NOTE: This public notice is being issued based on information furnished by the applicant. This information has not been verified or evaluated to ensure compliance with laws and regulation governing the regulatory program. The jurisdictional line has been verified by Corps personnel.
AUTHORIZATION FROM OTHER AGENCIES: Water Quality Certification may be required from the Florida Department of Environmental Protection and/or one of the state Water Management Districts.
COMMENTS regarding the potential authorization of the work proposed should be submitted in writing to the attention of the District Engineer through the Tampa Permits Section, Gainesville Field Office, 2833 NW 41st Street, Unit 130, Gainesville, FL 32606, within 30 days from the date of this notice.
The decision whether to issue or deny this permit application will be based on the information received from this public notice and the evaluation of the probable impact to the associated wetlands. This is based on an analysis of the applicant's avoidance and minimization efforts for the project, as well as the compensatory mitigation proposed.
QUESTIONS concerning this application should be directed to the project manager, James Davidson, in writing at the Tampa Permits Section, Gainesville Field Office, 2833 NW 41st Street, Unit 130, Gainesville, FL 32606; by electronic mail at firstname.lastname@example.org; by facsimile transmission at (352)264-7733; or, by telephone at (352)264-7672.
IMPACT ON NATURAL RESOURCES: Coordination with U.S. Fish and Wildlife Service, Environmental Protection Agency (EPA), the National Marine Fisheries Services, and other Federal, State, and local agencies, environmental groups, and concerned citizens generally yields pertinent environmental information that is instrumental in determining the impact the proposed action will have on the natural resources of the area.
EVALUATION: The decision whether to issue a permit will be based on an evaluation of the probable impact including cumulative impacts of the proposed activity on the public interest. That decision will reflect the national concern for both protection and utilization of important resources. The benefits, which reasonably may be expected to accrue from the proposal, must be balanced against its reasonably foreseeable detriments. All factors which may be relevant to the proposal will be considered including cumulative impacts thereof; among these are conservation, economics, esthetics, general environmental concerns, wetlands, historical properties, fish and wildlife values, flood hazards, floodplain values, land use, navigation, shoreline erosion and accretion, recreation, water supply and conservation, water quality, energy needs, safety, food, and fiber production, mineral needs, considerations of property ownership, and in general, the needs and welfare of the people. Evaluation of the impact of the activity on the public interest will also include application of the guidelines promulgated by the Administrator, EPA, under authority of Section 404(b) of the Clean Water Act or the criteria established under authority of Section 102(a) of the Marine Protection Research and Sanctuaries Act of 1972. A permit will be granted unless its issuance is found to be contrary to the public interest.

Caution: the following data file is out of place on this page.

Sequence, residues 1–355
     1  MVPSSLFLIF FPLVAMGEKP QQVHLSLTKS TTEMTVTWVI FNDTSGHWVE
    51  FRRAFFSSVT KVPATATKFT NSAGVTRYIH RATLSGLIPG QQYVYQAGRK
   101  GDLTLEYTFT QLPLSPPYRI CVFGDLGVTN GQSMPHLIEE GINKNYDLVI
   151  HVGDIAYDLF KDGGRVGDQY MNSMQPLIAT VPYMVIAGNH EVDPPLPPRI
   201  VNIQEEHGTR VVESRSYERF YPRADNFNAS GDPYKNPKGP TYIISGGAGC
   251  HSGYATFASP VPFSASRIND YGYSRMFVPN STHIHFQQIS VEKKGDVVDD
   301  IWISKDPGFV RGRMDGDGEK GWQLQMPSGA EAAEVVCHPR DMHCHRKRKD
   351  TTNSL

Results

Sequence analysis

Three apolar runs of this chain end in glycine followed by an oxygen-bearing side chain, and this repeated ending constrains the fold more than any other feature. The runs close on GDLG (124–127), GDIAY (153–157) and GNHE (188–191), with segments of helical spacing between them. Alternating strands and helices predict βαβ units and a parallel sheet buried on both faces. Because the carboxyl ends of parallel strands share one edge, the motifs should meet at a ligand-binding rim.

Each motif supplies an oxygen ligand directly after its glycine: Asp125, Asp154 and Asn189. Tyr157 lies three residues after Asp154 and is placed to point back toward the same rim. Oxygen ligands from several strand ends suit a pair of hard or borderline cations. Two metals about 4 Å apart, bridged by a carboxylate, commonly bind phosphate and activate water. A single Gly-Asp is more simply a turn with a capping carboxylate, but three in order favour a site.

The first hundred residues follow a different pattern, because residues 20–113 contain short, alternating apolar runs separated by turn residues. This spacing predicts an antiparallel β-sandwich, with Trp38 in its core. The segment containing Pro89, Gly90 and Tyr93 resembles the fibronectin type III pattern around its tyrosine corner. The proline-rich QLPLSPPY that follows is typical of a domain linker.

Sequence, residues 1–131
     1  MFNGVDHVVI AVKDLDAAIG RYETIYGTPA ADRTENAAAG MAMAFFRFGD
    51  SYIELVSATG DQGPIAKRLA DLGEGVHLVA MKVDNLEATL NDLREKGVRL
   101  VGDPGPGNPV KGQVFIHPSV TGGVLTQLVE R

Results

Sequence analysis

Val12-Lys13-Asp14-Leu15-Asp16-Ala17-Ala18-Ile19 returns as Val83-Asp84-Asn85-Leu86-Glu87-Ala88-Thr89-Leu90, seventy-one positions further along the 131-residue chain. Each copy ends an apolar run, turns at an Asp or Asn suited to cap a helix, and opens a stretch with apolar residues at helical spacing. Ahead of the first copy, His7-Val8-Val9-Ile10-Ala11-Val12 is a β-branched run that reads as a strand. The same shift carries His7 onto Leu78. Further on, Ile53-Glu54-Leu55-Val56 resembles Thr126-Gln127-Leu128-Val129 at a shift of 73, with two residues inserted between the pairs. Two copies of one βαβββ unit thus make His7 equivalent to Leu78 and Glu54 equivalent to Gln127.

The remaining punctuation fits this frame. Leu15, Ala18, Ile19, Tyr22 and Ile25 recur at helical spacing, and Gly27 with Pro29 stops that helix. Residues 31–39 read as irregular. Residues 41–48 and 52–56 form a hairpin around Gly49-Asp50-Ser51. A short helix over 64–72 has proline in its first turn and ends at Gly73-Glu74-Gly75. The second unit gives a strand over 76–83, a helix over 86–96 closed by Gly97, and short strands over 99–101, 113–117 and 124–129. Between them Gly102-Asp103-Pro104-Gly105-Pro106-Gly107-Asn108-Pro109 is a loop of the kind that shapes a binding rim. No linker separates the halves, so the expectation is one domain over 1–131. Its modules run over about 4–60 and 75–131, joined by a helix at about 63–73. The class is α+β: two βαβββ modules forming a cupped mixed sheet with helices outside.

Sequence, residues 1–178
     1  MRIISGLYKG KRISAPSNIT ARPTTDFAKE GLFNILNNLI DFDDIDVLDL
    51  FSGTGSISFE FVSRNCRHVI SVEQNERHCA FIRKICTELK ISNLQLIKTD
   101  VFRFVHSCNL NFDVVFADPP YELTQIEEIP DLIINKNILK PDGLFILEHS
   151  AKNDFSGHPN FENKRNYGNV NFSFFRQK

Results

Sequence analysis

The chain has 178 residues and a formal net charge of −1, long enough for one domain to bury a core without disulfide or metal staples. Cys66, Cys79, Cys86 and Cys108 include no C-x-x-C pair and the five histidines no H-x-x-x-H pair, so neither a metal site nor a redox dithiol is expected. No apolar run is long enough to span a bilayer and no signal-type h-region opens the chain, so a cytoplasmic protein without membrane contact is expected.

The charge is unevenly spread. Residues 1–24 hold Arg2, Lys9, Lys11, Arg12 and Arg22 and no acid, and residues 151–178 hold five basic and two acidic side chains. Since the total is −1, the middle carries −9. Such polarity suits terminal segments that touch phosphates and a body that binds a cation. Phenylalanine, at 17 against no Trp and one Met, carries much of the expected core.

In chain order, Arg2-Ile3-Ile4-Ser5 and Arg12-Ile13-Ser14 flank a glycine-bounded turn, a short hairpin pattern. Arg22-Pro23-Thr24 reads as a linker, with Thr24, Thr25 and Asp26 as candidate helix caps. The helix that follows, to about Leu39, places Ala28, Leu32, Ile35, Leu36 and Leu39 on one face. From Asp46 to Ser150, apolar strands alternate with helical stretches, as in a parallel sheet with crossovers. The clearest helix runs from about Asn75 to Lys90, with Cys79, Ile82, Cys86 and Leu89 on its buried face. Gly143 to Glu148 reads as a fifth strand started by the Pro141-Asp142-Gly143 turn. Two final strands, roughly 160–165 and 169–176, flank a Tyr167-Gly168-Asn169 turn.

The US Army Corps of Engineers (Corps) is soliciting comments from the public; Federal, State, and local agencies and officials; Indian Tribes; and other Interested parties in order to consider and evaluate the impacts of this proposed activity. Any comments received will be considered by the Corps to determine whether to issue, modify, condition, or deny a permit for this proposal. To make this determination, comments are used to assess impacts to endangered species, historic properties, water quality, general environmental effects, and the other public interest factors listed above. Comments are also used to determine the need for a public hearing and to determine the overall public interest of the proposed activity.
COASTAL ZONE MANAGEMENT CONSISTENCY: In Florida, the State approval constitutes compliance with the approved Coastal Zone Management Plan. In Puerto Rico, a Coastal Zone Management Consistency Concurrence is required from the Puerto Rico Planning Board. In the Virgin Islands, the Department of Planning and Natural Resources permit constitutes compliance with the Coastal Zone Management Plan.
REQUEST FOR PUBLIC HEARING: Any person may request a public hearing. The request must be submitted in writing to the District Engineer within the designated comment period of the notice and must state the specific reasons for requesting the public hearing.